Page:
The Oregon Cattlemen’s Association Public Lands Committee and the national Public Lands Council are deferring to local ranchers and will not oppose federal legislation that places a more flexible type of wilderness designation on several parts of Malheur County.

The designation allows cattle grazing to continue.

“We support what our local members feel is best for their local areas, so we did not oppose that,” OCA Executive Director Jerome Rosa said. “That is what our local cattlemen wanted. So even though we follow national PLC policy, we are not going to oppose it. National PLC is the same way.”

U.S. Sens. Ron Wyden and Jeff Merkley, both D-Ore., on Nov. 7 introduced the Malheur County Community Empowerment for the Owyhee Act, which would designate more than 1.1 million acres of the Owyhee River Canyonlands in Malheur County as wilderness.

The senators said collaboration among ranchers, conservation groups, researchers, business people and others was instrumental in the proposal. The bill supports efficient ranching as a conservation tool, and an adaptive-management approach that allows for adjustments based on results.

The Owyhee Basin Stewardship Coalition, which includes ranchers and business owners, for more than three years has played a key role in discussions that led to the legislation. The coalition includes Oregon Cattlemen’s Association members who presented the plan to state and national policy representatives during OCA’s annual convention Nov. 21-23 in Bend.

Rosa said the national PLC, by not opposing the legislation and remaining neutral, left the matter to the state association. OCA’s Public Lands Committee “took the same neutral position on the bill.”

OCA typically follows PLC policy, which opposes wilderness designations “because generally that designation removes cattle from being able to graze in these areas,” he said.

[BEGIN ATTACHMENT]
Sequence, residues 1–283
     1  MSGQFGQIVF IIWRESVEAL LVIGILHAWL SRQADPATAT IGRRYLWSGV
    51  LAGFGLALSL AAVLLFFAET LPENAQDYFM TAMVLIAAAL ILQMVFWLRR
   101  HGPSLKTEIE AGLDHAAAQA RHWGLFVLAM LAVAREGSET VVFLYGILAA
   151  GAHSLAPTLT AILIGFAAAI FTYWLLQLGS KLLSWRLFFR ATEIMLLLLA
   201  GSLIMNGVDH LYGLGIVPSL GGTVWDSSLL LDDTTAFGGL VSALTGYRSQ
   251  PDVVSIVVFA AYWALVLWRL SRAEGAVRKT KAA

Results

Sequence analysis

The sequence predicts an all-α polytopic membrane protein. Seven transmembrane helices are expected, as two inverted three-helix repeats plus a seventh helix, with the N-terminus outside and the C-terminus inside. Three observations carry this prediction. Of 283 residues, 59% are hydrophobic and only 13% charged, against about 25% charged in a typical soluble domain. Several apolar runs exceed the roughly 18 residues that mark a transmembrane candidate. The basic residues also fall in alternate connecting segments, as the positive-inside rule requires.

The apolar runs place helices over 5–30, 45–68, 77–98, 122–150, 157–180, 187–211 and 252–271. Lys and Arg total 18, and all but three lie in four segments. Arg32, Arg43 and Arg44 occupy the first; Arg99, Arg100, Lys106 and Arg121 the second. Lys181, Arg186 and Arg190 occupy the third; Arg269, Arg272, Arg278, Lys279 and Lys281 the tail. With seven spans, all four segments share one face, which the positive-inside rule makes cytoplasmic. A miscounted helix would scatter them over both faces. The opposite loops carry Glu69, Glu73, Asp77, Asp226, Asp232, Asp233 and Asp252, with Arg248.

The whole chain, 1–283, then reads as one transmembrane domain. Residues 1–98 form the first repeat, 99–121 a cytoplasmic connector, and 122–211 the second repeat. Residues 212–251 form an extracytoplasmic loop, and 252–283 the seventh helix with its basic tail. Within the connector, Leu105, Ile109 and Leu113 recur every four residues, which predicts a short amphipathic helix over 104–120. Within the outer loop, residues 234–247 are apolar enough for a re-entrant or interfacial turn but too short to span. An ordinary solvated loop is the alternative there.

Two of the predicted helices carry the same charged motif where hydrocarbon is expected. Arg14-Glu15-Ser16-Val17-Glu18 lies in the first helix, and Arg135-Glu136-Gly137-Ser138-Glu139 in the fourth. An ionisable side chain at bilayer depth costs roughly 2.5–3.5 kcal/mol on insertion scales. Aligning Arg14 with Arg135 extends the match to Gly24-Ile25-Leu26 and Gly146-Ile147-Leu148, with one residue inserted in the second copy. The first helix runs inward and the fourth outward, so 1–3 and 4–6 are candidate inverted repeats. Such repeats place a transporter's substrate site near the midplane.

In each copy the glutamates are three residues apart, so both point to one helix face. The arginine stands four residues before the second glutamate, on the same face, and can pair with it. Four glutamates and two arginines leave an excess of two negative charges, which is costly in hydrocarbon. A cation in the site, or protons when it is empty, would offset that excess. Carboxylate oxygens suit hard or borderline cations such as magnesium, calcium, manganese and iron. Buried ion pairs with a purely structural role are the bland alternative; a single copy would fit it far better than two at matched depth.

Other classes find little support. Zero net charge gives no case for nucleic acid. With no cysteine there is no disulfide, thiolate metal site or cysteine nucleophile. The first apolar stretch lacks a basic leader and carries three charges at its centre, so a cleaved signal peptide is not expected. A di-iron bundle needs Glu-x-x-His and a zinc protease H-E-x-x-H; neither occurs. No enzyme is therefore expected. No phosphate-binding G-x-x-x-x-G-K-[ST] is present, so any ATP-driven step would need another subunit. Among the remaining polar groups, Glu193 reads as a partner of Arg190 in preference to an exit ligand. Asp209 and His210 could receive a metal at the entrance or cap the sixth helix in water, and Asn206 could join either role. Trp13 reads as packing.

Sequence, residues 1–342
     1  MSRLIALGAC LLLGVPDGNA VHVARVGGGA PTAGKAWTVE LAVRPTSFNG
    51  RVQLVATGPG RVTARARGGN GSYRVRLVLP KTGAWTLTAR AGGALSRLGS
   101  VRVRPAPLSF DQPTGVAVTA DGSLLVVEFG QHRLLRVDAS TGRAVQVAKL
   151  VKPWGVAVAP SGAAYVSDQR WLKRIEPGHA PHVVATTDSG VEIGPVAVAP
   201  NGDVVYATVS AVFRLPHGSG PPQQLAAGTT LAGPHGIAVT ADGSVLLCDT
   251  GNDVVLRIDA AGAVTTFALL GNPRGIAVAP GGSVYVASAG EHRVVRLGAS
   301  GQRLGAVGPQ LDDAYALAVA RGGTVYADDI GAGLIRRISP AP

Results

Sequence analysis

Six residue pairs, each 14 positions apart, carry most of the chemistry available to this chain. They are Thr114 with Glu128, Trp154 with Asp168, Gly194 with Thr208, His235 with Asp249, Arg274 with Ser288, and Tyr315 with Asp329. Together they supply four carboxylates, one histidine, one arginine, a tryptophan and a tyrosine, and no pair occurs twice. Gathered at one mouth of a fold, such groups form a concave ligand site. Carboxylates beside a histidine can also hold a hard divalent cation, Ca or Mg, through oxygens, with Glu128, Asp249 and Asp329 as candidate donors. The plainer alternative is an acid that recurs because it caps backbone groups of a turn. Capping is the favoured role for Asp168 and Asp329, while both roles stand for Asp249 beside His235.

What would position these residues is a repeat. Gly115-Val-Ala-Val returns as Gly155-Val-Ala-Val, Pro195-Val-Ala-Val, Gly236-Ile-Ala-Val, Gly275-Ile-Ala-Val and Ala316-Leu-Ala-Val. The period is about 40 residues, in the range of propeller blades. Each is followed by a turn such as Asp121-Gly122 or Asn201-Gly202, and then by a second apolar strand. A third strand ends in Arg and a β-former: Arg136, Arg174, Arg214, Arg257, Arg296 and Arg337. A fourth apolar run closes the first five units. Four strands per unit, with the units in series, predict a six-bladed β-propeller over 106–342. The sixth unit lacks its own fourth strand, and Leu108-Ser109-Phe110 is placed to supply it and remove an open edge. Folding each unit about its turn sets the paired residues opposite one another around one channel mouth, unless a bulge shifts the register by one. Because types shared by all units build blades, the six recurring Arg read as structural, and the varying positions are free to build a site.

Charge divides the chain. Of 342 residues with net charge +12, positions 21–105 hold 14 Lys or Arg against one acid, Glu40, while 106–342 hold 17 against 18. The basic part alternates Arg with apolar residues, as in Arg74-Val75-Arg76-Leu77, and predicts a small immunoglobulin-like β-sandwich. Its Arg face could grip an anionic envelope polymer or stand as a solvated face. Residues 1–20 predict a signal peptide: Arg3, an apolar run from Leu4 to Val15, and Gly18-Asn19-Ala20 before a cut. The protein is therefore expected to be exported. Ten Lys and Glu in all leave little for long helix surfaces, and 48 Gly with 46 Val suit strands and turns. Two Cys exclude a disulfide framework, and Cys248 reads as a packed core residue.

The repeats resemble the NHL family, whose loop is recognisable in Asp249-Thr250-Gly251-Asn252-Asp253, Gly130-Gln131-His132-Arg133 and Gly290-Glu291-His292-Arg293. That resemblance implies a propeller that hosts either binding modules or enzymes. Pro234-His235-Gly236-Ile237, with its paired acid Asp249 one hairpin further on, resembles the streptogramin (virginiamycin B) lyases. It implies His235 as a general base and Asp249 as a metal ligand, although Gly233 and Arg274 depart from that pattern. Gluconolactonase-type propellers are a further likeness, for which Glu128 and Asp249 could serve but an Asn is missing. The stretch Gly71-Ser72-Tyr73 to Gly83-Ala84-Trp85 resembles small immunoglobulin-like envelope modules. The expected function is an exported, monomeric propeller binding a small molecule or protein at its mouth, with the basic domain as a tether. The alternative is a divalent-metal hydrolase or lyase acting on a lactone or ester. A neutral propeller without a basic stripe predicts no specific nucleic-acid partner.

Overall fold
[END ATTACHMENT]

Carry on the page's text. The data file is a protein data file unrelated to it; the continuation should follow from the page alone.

The difference in the current legislation is it calls for adaptive management, meaning grazing, roads and vehicles will be allowed in wilderness-designated areas, Rosa said.

“A prime example of what it means in this wilderness-designated land is that grazing as a practice will be allowed to continue because it is working as an additional tool in the toolbox,” he said.

PLC is a member-affiliate organization led by four delegates from each Western state.

“If it is a single-state issue — in this case it’s Oregon — we defer to the member state,” PLC President Bob Skinner of Jordan Valley, Ore., said. For example, the organization acted similarly when an Owyhee wilderness bill for Idaho was finalized a decade ago.

Rosa said OCA “will continue to follow the legislation and see how the process evolves. Our biggest concern, and we will be following this closely, is to make sure this new definition of wilderness area is upheld.”

Local residents “know what’s best in their local areas,” he said. “We want to make sure we respect the wishes of what local folks feel has to be done in their local area. They are the experts.”

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